22. Roboform is also available on-line. You create an online account (usual login/password) and then you can access your passwords etc by supplying your Robofrom password.
    This service is included with Roboform and automatically sychronizes with your browser. This may help others as well as the original caller using a Mac.
    I know this means giving your passwords to the cloud but you have to trust someone – don’t you?!

    Reply
  23. I have used RoboForm for a couple of years. I have it installed on one desktop, one notebook and on a USB drive which I use for my netbook and on other computers.

    RoboForm is simply great and I also use GoodSync PRO (also by SiberSystems) to synchronize my computers and the passwords between them.

    One component of RoboForm that was not mentioned in this article is the “Safe Notes” which is also useful.

    I completely enjoy reading the articles on Ask Leo. Keep up the good work!

    Reply
  24. Roboform is the best! I have the program on both my Desktop and my Laptop for over 2 years and rely on it completely. At age 72, I am very active on both my computers for business, research, shopping, as well as friends/family communication. It’s a good buy, for what it does!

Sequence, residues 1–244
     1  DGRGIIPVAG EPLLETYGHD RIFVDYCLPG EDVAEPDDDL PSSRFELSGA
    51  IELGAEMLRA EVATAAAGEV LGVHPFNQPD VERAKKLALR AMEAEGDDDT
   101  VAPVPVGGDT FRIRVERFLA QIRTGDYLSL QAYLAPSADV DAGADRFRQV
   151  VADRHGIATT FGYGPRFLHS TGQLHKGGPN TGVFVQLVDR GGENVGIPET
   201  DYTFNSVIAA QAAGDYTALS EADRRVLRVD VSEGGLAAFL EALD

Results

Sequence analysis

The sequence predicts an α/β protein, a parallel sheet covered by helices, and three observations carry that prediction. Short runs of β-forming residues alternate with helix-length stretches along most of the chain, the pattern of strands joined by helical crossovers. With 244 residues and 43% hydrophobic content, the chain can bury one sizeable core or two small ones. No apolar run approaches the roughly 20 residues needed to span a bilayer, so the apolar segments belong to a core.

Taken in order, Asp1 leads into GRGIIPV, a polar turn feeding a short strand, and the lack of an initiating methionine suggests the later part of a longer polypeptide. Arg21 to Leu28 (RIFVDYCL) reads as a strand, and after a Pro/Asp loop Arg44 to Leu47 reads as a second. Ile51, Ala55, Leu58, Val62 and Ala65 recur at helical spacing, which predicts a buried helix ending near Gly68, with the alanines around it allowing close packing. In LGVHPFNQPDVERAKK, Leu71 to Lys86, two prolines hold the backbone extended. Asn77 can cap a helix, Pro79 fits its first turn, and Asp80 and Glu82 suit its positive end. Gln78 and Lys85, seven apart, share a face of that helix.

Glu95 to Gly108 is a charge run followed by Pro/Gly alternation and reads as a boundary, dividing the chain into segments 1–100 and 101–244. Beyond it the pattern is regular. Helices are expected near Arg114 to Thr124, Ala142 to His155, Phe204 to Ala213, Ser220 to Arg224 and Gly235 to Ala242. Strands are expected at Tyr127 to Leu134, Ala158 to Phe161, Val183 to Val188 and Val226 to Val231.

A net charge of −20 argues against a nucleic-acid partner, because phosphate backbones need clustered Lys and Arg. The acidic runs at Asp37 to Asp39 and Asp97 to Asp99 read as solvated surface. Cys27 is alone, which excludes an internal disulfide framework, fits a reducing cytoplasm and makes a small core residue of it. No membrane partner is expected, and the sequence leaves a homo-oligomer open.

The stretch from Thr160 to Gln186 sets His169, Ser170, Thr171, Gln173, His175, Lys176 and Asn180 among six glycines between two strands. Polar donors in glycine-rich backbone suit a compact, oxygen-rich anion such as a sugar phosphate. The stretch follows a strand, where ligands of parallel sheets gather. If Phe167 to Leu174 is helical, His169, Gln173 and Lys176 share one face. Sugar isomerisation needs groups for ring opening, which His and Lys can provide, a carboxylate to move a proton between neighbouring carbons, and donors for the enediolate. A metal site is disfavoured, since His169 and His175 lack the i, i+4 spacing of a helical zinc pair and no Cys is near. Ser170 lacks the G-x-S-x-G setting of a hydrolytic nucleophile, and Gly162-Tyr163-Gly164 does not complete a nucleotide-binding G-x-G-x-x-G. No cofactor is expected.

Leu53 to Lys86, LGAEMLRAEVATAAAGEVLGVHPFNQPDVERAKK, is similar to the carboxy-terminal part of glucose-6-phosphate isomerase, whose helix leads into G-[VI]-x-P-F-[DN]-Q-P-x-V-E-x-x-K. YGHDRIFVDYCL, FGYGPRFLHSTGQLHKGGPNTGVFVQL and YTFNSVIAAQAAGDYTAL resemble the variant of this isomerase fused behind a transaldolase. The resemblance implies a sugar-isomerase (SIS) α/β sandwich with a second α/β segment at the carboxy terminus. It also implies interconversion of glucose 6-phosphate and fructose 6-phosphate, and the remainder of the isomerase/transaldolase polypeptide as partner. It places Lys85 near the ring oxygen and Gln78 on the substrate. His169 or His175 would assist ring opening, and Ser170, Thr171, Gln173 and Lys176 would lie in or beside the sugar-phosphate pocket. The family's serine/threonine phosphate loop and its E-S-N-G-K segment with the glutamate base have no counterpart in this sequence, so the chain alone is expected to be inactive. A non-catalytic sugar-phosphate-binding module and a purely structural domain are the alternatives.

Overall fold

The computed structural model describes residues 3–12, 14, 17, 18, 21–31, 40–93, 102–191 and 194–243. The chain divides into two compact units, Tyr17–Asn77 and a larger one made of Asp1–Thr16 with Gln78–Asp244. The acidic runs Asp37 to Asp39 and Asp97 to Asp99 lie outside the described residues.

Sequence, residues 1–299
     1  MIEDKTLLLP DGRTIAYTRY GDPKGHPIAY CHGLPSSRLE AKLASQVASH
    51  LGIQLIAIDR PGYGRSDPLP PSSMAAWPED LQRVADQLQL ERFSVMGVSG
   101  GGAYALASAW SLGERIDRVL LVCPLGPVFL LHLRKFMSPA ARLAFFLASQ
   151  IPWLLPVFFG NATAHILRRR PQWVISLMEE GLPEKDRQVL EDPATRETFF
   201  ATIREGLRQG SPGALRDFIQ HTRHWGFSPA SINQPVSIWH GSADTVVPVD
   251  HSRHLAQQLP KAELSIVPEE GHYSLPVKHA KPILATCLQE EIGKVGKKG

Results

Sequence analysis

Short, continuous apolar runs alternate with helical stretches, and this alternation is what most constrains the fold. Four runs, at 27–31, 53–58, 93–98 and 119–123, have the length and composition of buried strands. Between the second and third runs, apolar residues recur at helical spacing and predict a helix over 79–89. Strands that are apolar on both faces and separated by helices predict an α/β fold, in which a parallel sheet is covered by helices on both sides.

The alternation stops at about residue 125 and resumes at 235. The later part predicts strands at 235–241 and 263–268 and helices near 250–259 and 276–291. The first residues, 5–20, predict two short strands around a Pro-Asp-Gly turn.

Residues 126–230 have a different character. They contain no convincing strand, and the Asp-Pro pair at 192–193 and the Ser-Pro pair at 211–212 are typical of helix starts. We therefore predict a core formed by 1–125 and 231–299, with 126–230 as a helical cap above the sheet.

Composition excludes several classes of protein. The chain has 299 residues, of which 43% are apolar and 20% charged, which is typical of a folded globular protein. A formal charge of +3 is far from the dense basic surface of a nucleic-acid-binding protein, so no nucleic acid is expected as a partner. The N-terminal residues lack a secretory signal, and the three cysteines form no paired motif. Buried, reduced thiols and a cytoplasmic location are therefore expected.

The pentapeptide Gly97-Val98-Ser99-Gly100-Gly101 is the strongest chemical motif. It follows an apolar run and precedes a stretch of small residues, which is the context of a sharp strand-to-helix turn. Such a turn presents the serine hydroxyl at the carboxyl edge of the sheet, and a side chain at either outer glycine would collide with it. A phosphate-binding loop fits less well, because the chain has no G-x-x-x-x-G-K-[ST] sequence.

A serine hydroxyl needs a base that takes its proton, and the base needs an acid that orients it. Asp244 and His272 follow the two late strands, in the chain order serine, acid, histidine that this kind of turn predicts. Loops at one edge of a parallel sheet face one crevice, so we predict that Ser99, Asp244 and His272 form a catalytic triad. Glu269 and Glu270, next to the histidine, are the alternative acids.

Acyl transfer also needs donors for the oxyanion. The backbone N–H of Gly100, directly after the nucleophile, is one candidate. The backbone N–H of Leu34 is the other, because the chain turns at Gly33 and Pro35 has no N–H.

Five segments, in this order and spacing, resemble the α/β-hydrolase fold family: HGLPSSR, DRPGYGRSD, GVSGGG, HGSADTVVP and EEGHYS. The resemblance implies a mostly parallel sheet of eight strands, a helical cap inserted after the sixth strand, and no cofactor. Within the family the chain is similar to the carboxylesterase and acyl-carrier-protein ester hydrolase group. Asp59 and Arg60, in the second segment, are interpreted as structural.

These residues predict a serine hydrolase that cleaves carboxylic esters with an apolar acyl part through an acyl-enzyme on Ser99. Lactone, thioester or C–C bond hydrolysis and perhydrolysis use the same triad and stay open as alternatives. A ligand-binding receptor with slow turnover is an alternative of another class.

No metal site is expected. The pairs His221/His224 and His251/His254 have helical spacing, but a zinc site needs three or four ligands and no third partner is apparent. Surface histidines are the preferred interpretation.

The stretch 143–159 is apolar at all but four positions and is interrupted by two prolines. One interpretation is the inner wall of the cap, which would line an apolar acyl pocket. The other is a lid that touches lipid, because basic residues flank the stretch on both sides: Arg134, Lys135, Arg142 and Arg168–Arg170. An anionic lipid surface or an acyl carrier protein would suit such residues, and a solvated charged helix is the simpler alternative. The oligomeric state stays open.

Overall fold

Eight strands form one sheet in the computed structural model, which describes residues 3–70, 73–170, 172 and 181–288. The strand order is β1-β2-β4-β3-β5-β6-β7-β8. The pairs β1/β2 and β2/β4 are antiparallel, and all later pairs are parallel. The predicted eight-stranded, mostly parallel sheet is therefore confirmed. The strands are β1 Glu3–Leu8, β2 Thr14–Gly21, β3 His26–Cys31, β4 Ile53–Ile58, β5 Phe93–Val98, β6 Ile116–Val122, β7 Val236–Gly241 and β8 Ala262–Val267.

Reply
  25. RoboForm also has a portable version which can be installed on a USB thumbdrive. I find it very useful for traveling.
    The big thing that separates RoboForm from other password safes is it doesn’t just remember the passwords, it installs as a browser toolbar and takes you directly to the website and logs you in with a single click–opening the site and filling in both user name and password. The portable version does this on any computer you stick the thumbdrive in.
    As a bonus, it also generates secure passwords up to 511 characters long.
    While Firefox 3.6 says it doesn’t work with that version, I’ve had no problems.

    Reply
  26. I have used Roboform Everywhere for some time now. This is the same as the standard Roboform but as it resides on a flash drive it will work on any computer (Windows or Android) into which the flash drive is inserted. It is totally secure as only I (and certain trusted relatives in the case of my death) know the master password which unlocks the encryption.

    Reply
  27. I find Roboform a very difficult program to use. All it really has done for me so far is to slow down my access to the web. I am just about to remove it.

    Reply